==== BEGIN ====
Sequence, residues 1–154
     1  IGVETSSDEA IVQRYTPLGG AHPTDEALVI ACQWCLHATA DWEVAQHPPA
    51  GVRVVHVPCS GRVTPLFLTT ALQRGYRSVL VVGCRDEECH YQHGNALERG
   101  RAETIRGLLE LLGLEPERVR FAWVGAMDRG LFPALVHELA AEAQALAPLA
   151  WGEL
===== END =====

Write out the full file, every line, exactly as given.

Sequence, residues 1–154
     1  IGVETSSDEA IVQRYTPLGG AHPTDEALVI ACQWCLHATA DWEVAQHPPA
    51  GVRVVHVPCS GRVTPLFLTT ALQRGYRSVL VVGCRDEECH YQHGNALERG
   101  RAETIRGLLE LLGLEPERVR FAWVGAMDRG LFPALVHELA AEAQALAPLA
   151  WGEL